”Dear brothers and sisters, when troubles of any kind come your way, consider it an opportunity for great joy. For you know that when your faith is tested, your endurance has a chance to grow” James 1:2-3 (NLT).
Not feeling good enough is something I have always struggled with. In my youth, there was never something I felt that I really excelled at. It seemed to me that being successful was always defined as being good at sports or getting good grades or having a lot of friends – none of which came easily for me.
Physically, I was awkward and always the last to be picked for teams in gym class. Academically, I struggled to get A’s. Aside from reading and writing, which were subjects that I did excel in, other subjects required a lot more focus and discipline, and usually meant that I earned a “C” on my report card.
I didn’t have a lot of fond memories of grade school and middle school. At the school I attended, there was a large population of multi-ethnic families. If I was lucky enough to be invited to someone’s birthday party, I always felt like the outsider. All the girls seemed to have such a rough exterior all the time – like they felt they had something to prove. I always felt nervous, unsure of myself and just wanting so desperately to feel included and accepted by anyone.
Many girls I went to school with were a lot more outspoken and “street smart” than I was. It was not uncommon for girls to have physical fist fights outside of school before the bell rang. I really didn’t have many friends. There was one girl who I was friends with for quite awhile in middle school. We would go over to one another’s houses and she was someone I always thought was my best friend. One particular morning, before school started, I ran up to her to say “Hi,” but when I did, she turned her back to me and ignored me completely. She was talking to another girl who teased me a lot and they were whispering and chuckling. From that day on, she never acknowledged me. It felt like a knife had been stuck in my back and what was worse, I didn’t know why and it made me question my worth.
We learn in the last five chapters in the Second Book of Corinthians the importance of clinging to the truth of who we are as children of God. In chapter 10, the Apostle Paul finds himself being challenged by some of the Corinthians over what authority he had in preaching the Good News. Paul states, “Look at the obvious facts. Those who say they belong to Christ must recognize that we belong to Christ as much as they do. I may seem to be boasting too much about the authority given to us by the Lord. But our authority builds you up; it doesn’t tear you down. So I will not be ashamed of using my authority” 2 Corinthians 10:7-8 (NLT).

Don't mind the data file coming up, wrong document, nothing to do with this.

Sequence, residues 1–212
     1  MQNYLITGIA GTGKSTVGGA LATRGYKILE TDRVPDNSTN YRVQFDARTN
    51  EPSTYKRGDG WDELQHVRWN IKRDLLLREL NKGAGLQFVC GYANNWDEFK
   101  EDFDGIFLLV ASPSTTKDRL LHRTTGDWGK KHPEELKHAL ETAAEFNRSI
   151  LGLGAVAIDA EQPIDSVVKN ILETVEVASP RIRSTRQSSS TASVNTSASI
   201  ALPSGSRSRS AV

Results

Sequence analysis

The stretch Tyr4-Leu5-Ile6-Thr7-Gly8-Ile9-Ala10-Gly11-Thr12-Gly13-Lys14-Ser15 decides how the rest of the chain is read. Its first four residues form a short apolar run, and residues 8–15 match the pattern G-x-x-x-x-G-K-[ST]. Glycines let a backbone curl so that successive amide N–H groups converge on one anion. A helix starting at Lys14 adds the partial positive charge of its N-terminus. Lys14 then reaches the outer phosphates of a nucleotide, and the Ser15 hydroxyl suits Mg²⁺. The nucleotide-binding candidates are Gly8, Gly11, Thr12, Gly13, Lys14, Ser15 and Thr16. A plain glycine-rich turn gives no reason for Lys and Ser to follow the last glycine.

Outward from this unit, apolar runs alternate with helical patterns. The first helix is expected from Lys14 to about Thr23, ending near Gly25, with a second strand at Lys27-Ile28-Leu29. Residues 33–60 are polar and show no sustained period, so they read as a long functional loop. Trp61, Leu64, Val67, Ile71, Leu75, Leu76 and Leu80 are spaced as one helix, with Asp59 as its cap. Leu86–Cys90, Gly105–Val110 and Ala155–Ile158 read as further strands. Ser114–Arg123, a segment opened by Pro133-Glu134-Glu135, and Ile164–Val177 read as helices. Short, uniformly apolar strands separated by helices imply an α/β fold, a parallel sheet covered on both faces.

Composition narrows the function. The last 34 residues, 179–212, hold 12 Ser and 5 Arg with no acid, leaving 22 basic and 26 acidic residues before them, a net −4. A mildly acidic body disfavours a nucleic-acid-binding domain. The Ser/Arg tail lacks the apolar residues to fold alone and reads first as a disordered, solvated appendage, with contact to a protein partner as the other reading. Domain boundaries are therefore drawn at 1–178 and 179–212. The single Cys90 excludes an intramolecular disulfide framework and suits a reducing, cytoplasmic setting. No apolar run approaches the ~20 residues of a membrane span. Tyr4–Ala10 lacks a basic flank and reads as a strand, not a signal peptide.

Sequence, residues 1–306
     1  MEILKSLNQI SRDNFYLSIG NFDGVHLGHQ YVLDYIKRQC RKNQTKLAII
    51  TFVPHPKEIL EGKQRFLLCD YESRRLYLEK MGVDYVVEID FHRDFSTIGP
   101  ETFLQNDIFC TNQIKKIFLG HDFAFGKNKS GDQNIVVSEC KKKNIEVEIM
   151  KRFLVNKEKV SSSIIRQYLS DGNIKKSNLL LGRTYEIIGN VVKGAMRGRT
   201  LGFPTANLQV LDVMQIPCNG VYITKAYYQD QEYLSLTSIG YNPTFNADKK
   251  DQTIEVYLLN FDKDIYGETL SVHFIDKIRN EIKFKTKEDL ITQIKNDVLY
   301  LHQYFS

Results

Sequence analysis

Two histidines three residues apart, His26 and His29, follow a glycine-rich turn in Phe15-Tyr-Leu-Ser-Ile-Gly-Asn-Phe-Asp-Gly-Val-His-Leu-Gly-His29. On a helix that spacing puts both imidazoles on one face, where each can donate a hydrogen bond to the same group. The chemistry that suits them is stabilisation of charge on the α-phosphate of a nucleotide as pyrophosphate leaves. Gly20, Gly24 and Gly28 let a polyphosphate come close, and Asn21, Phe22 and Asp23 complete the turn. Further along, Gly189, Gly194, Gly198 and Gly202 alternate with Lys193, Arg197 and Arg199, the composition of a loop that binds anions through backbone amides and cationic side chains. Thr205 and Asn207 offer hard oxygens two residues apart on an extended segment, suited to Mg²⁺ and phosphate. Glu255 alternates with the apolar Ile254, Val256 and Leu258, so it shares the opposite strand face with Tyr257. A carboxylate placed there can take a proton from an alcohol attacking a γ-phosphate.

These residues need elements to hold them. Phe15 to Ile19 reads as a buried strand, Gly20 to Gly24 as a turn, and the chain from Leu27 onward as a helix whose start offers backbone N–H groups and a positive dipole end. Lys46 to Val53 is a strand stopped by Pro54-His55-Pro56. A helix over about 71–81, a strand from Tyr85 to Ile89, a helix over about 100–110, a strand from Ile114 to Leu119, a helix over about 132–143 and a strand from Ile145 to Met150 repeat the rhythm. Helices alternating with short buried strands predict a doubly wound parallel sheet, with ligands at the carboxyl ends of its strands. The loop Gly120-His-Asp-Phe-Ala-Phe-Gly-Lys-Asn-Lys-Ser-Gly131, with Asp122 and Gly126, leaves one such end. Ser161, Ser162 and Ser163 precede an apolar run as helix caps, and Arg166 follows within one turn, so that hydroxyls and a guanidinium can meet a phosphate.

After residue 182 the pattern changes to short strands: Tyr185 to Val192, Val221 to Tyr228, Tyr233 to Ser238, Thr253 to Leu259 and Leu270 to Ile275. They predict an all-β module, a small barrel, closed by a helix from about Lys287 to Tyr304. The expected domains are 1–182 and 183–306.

Paul reminds his skeptics that his authority comes from the Lord. Paul was not concerned with the fact that others thought him to be “weak,” or his message to be “worthless.” He was only concerned about fulfilling God’s calling to him to spread the Good News and proclaim the Word to those that needed to hear it. In other words, he did not let the opinion of others define who he was. It only mattered to Paul who he was in God’s eyes.
After reading through this chapter, I can’t help but wonder how hard it must have been for Paul to listen to others question his authority and character. In chapter 12, Paul addresses the “thorn in his flesh.” Here, Paul acknowledges his pain and his desire to be free from it. Yet Paul also acknowledges receiving “wonderful revelations from God” and how he must endure through the pain. Paul says he prayed three different times for the thorn to be taken away and each time God told Paul, “My grace is all you need. My power works best in weakness” 2 Corinthians 12:9a (NLT). Paul’s response to God’s provision in the same verse is, “So now I am glad to boast about my weakness, so that the power of Christ can work through me. That’s why I take pleasure in my weaknesses, and in the insults, hardships, persecutions, and troubles that I suffer for Christ. For when I am weak, then I am strong” 2 Corinthians 12:9b-10 (NLT).
Paul wrestles with the thorn in his flesh, yet he decides to find joy in the pain. Why? Because, he knows God is in control and that He has a plan for Paul. It would’ve been so easy for Paul to give up and quit after all the “insults, hardships, persecutions and troubles” were thrown at him. But, he didn’t. That is the lesson in these chapters.
When someone challenges our worth, we can respond in many different ways. But, we first must ask ourselves what is truth? If I am listening to what others say about me and letting their perception of me effect what I perceive of myself, then is that truth? Or is truth when I am listening to what God says is true of me and forming who I am based on His truth? It comes down to choice. Like Paul we need to focus on the truth of who God says we are, and in the midst of pain and suffering, we need to search for the joy.
Heavenly Father, many times I have struggled with my sense of worth in this world. When I feel betrayed or criticized by others, often I do not look to You for reassurance. Please forgive me for the times I’ve forgotten that You are with me and that You are for me. Let the perceptions of others not dictate how I perceive myself and may I find my peace and identity in You. Bless those that wrestle with their own “thorns” and help them to seek You first amidst their struggle. I ask this in Jesus’ Name, Amen.